If the PATTERN evaluates to the empty string, the last successfully matched regular expression is used instead. In this case, only the g and c flags on the empty pattern is honoured - the other flags are taken from the original pattern. If no match has previously succeeded, this will (silently) act instead as a genuine empty pattern (which will always match). Note that it's possible to confuse Perl into thinking // (the empty regex) is really // (the defined-or operator). Perl is usually pretty good about this, but some pathological cases might trigger this, such as $a/// (is that ($a) / (//) or $a // /?) and print $fh // (print $fh(// or print($fh //?). In all of these examples, Perl will assume you meant defined-or. If you meant the empty regex, just use parentheses or spaces to disambiguate, or even prefix the empty regex with an m (so // becomes m//).
Matching in list context
If the /g option is not used, m// in list context returns a list consisting of the subexpressions matched by the parentheses in the pattern, i.e., ($1, $2, $3...). (Note that here $1 etc. are also set, and that this differs from Perl 4's behavior.) When there are no parentheses in the pattern, the return value is the list (1) for success. With or without parentheses, an empty list is returned upon failure. Examples:
open(TTY, '/dev/tty');
<TTY> =~ /^y/i && foo();    # do foo if desired
if (/Version: *([0-9.]*)/) { $version = $1; }
next if m#^/usr/spool/uucp#;
# poor man's grep
$arg = shift;
while (<>) {
    print if /$arg/o;       # compile only once
if (($F1, $F2, $Etc) = ($foo =~ /^(\S+)\s+(\S+)\s*(.*)/))
This last example splits $foo into the first two words and the remainder of the line, and assigns those three fields to $F1, $F2, and $Etc. The conditional is true if any variables were assigned, i.e., if the pattern matched. The /g modifier specifies global pattern matching--that is, matching as many times as possible within the string. How it behaves depends on the context. In list context, it returns a list of the substrings matched by any capturing parentheses in the regular expression. If there are no parentheses, it returns a list of all the matched strings, as if there were parentheses around the whole pattern. In scalar context, each execution of m//g finds the next match, returning true if it matches, and false if there is no further match. The position after the last match can be read or set using the pos() function; see . A failed match normally resets the search position to the beginning of the string, but you can avoid that by adding the /c modifier (e.g. m//gc). Modifying the target string also resets the search position.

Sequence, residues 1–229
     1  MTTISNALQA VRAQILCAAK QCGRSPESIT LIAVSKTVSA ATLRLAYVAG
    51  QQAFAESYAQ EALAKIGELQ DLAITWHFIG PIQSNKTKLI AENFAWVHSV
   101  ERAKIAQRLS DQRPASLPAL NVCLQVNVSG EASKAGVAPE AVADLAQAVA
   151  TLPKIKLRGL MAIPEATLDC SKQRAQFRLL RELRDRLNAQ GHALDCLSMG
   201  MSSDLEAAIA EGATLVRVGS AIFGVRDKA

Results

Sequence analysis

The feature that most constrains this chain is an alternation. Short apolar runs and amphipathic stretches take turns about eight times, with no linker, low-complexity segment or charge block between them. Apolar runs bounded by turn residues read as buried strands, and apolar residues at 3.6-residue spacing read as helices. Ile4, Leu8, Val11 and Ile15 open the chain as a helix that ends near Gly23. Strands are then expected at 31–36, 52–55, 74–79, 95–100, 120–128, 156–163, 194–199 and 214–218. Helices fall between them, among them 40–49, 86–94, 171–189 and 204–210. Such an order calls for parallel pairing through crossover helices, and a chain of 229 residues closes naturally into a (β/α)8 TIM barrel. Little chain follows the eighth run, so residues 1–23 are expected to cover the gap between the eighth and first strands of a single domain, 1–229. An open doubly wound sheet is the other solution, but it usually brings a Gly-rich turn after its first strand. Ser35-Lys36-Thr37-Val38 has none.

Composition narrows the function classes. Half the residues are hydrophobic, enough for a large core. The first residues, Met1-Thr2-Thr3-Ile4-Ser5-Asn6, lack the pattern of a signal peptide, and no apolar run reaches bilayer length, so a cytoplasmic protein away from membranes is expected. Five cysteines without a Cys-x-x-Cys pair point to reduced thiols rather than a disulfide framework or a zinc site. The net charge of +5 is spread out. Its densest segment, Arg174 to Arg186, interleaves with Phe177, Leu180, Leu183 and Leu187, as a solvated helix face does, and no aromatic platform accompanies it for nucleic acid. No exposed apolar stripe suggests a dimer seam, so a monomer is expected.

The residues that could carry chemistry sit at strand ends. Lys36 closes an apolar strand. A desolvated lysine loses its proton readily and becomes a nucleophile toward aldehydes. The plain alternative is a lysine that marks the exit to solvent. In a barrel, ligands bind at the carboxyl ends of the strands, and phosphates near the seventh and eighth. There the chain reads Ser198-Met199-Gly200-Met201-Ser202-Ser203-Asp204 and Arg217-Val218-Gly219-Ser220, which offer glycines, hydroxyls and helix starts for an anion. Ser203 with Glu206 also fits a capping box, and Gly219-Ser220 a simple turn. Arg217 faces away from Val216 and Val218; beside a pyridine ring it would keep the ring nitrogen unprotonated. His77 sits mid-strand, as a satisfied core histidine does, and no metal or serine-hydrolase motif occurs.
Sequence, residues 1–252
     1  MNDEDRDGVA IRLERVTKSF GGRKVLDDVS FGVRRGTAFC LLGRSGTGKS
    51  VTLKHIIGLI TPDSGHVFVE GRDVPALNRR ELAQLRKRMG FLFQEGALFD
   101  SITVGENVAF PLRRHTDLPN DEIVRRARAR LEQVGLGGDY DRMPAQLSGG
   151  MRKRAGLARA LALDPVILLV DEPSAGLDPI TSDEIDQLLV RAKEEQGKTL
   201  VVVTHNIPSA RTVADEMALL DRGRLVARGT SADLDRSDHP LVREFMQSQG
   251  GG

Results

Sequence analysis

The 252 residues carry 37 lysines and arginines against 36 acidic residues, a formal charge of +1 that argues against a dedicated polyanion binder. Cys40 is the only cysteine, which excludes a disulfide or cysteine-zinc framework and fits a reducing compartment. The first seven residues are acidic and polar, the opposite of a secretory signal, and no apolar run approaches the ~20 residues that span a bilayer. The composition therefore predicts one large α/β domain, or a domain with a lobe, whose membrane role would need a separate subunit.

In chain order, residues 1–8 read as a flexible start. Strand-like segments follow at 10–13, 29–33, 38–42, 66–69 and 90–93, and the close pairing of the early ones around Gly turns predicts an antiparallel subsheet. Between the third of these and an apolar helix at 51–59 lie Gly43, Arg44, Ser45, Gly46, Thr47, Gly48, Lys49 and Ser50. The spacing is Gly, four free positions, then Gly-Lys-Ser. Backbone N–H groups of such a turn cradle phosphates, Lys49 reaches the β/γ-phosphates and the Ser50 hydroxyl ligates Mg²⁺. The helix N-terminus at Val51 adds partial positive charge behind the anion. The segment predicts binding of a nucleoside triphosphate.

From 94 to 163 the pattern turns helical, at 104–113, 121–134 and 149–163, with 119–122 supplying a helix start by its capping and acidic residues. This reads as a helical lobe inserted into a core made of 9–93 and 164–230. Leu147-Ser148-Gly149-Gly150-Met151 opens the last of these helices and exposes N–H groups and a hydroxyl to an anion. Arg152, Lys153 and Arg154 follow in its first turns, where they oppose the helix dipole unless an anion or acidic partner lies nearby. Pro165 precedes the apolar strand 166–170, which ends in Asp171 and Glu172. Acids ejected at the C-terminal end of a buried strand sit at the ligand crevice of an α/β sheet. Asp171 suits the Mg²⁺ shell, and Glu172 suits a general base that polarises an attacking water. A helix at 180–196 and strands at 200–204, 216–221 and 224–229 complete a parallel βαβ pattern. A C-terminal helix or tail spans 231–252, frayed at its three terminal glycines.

\G assertion
You can intermix m//g matches with m/\G.../g, where \G is a zero-width assertion that matches the exact position where the previous m//g, if any, left off. Without the /g modifier, the \G assertion still anchors at pos(), but the match is of course only attempted once. Using \G without /g on a target string that has not previously had a /g match applied to it is the same as using the \A assertion to match the beginning of the string. Note also that, currently, \G is only properly supported when anchored at the very beginning of the pattern. Examples:
# list context
($one,$five,$fifteen) = (`uptime` =~ /(\d+\.\d+)/g);
# scalar context
$/ = "";
while (defined($paragraph = <>)) {
    while ($paragraph =~ /[a-z]['")]*[.!?]+['")]*\s/g) {
print "$sentences\n";
# using m//gc with \G
$_ = "ppooqppqq";
while ($i++ < 2) {
    print "1: '";
    print $1 while /(o)/gc; print "', pos=", pos, "\n";
    print "2: '";
    print $1 if /\G(q)/gc;  print "', pos=", pos, "\n";
    print "3: '";
    print $1 while /(p)/gc; print "', pos=", pos, "\n";
print "Final: '$1', pos=",pos,"\n" if /\G(.)/;
The last example should print:
1: 'oo', pos=4
2: 'q', pos=5
3: 'pp', pos=7
1: ”, pos=7
2: 'q', pos=8
3: ”, pos=8
Final: 'q', pos=8
Notice that the final match matched q instead of p, which a match without the \G anchor would have done. Also note that the final match did not update pos. pos is only updated on a /g match. If the final match did indeed match p, it's a good bet that you're running an older (pre-5.6.0) Perl. A useful idiom for lex-like scanners is /\G.../gc. You can combine several regexps like this to process a string part-by-part, doing different actions depending on which regexp matched. Each regexp tries to match where the previous one leaves off.
$_ = <<'EOL';
     $url = URI::URL->new( "http://example.com/" ); 
     die if $url eq "xXx";
    print(" digits"), redo LOOP
      if /\G\d+\b[,.;]?\s*/gc;
    print(" lowercase"), redo LOOP
      if /\G[a-z]+\b[,.;]?\s*/gc;
    print(" UPPERCASE"), redo LOOP
      if /\G[A-Z]+\b[,.;]?\s*/gc;
    print(" Capitalized"), redo LOOP
      if /\G[A-Z][a-z]+\b[,.;]?\s*/gc;